• Sew additional seams through the middle of your blanket if you filled the blanket with padding. Place 1 seam every running lengthwise and widthwise through your blanket. This will keep the padding from shifting around.
    • Remove the pins when you’re done sewing the blanket.
  7. Sew bias tape around the edges of your blanket to secure the stitching. Purchase a spool of bias tape from your local fabric or craft store. Spread the tape out and open the fold in the middle. Place the end of your tape along a corner of your blanket so that the crease meets the seam of the fabric. Fold it around the seam and pin it place. Sew along the edge of each length of tape to secure it to the blanket.[12]
    • Run your pins away from the edge of your bias tape where it meets the main fabric of the blanket. Place 1 pin every to keep the tape from sliding around.
    • Bias tape is a sewing material that is used for securing stitches and keep edges safe. It looks like a thin roll of fabric that is folded in half lengthwise.
    • You can skip the bias tape and simply trim any frayed edges with sewing scissors if you prefer.
[Edit]Adding Storage Straps

  1. Get Velcro strips and some strong nylon straps. If you want to make a roll-up picnic blanket, purchase 2 heavy-duty Velcro strips with adhesive backing. Nylon is the best choice for your straps but you can use another strong fabric if you prefer. Purchase strips in a pattern and color that will work well with your blanket.[13]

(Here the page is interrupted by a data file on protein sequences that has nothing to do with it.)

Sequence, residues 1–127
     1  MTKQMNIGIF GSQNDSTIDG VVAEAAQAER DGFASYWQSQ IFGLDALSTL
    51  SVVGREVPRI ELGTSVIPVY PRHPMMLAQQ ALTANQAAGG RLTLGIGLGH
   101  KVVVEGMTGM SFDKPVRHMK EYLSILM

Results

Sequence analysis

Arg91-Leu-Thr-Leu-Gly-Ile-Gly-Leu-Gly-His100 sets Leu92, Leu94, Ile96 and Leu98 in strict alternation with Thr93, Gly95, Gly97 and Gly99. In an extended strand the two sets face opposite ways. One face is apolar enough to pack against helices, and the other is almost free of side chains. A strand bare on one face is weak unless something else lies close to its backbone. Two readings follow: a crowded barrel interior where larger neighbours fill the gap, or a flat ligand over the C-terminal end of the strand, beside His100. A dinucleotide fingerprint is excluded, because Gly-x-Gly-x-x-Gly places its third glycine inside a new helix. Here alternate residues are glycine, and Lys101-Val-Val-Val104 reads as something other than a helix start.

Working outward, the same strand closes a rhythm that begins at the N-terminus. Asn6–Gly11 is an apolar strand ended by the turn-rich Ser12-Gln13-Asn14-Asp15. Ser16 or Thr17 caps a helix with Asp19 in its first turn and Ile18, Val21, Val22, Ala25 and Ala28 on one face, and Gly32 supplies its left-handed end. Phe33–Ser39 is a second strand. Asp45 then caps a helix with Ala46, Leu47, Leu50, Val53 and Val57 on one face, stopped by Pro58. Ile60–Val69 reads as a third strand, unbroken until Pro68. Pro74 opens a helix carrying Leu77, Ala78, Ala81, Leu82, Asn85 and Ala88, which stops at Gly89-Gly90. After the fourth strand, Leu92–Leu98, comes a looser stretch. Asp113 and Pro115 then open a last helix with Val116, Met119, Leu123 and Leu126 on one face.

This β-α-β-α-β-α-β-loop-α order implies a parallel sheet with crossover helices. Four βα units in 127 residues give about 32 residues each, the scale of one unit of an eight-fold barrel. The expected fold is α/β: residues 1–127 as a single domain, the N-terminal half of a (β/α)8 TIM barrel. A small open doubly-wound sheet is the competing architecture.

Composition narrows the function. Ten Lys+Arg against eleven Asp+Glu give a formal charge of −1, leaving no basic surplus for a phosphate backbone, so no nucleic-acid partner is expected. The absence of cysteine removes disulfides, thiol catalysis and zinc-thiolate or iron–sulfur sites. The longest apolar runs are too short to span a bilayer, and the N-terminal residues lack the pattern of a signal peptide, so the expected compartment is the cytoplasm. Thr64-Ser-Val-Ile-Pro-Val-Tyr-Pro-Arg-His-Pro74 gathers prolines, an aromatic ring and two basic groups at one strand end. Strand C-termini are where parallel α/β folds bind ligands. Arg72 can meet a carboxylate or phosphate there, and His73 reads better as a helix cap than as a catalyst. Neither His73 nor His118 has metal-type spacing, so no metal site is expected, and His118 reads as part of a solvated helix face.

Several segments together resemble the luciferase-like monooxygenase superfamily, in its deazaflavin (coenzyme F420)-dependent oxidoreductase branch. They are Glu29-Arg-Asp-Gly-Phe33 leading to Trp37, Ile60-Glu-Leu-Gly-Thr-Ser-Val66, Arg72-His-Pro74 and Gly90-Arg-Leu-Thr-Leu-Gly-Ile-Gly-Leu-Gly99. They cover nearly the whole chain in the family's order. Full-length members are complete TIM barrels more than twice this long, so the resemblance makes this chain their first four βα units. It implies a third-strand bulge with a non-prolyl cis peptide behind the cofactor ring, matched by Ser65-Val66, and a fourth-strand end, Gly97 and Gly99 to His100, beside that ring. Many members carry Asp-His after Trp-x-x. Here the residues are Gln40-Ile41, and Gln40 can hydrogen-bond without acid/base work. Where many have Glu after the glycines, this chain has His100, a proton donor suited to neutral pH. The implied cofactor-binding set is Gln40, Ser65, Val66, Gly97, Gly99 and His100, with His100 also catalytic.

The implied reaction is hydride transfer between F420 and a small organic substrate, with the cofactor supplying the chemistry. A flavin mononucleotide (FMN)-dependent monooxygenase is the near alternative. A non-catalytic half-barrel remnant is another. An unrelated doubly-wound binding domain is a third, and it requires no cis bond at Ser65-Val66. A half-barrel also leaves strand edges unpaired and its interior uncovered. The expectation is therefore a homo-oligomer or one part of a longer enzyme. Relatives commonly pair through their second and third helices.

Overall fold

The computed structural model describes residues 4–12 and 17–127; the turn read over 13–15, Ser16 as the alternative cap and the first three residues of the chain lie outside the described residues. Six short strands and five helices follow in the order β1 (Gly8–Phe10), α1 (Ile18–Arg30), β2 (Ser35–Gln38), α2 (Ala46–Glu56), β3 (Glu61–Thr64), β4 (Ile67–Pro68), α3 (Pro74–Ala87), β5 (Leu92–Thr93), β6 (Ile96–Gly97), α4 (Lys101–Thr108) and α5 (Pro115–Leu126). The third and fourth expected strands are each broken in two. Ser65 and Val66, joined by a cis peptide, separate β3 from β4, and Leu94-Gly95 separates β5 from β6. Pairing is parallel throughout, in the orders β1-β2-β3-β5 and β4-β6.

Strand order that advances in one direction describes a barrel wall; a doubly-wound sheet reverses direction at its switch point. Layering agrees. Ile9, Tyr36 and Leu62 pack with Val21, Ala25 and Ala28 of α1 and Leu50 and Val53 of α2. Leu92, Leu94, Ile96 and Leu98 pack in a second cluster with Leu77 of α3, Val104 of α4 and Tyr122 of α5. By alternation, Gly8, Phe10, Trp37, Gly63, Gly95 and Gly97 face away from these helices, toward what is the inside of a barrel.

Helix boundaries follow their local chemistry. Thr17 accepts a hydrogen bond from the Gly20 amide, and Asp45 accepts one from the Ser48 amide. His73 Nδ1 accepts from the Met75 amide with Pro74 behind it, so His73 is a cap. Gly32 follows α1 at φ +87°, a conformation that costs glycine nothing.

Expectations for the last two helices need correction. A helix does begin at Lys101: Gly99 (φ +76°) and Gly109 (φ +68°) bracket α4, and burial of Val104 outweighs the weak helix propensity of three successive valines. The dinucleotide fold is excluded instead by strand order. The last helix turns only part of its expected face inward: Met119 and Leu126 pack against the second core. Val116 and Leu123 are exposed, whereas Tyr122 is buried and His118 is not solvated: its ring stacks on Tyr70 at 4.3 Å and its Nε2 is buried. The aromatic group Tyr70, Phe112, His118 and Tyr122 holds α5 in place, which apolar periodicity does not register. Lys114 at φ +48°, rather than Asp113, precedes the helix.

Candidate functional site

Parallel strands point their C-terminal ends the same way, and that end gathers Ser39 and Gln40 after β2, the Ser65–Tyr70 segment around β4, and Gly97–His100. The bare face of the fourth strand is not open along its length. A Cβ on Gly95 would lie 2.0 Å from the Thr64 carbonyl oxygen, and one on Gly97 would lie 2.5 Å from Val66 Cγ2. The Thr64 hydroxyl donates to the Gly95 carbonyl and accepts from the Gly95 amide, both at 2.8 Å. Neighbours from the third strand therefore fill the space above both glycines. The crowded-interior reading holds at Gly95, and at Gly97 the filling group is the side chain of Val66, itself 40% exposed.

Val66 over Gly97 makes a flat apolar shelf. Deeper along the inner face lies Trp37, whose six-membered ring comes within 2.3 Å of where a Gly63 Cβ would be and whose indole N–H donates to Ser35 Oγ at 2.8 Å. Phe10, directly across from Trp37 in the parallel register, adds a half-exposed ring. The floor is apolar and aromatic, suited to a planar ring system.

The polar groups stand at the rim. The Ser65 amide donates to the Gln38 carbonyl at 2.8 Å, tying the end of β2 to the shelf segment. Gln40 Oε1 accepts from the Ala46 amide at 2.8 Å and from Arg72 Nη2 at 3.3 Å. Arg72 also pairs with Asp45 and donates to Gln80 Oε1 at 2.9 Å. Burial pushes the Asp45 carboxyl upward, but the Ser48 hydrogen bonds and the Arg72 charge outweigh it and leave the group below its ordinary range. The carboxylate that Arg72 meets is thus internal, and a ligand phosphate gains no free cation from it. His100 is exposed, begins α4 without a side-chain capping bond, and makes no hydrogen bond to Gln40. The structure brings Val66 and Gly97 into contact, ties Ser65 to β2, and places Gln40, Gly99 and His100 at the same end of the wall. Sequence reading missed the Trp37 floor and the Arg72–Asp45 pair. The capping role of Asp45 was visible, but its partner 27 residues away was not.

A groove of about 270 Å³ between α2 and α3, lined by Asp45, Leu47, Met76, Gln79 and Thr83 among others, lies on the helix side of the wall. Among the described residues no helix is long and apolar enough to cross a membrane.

• Make sure that the Velcro strips are designed to stick on fabric by reading the label carefully before purchasing them.
    • If you can’t find Velcro strips that will work with fabric, you can sew standard Velcro strips into the blanket instead.
    • Get straps that are long so that they can wrap all the way around your blanket when you roll it up.
    • You do not have to add straps if you don’t want to. They’ll make it easy to store and carry your blanket, though.
  2. Roll your blanket up and stick the Velcro backs onto it. To determine where you want to place your strips, roll your blanket up so that the backside of the blanket is facing out. Then, select 2 locations for your strips. Place the 2 strips out from the top of the roll on the shorter side of the blanket and in from the exterior edges. Peel the adhesive backing off and carefully press the back into your fabric or iron them into place.[14]
    • You do not need to fold the blanket up before rolling it up. However, if you plan on folding and storing your blanket a particular way, feel free to adjust this process by folding the blanket before rolling it.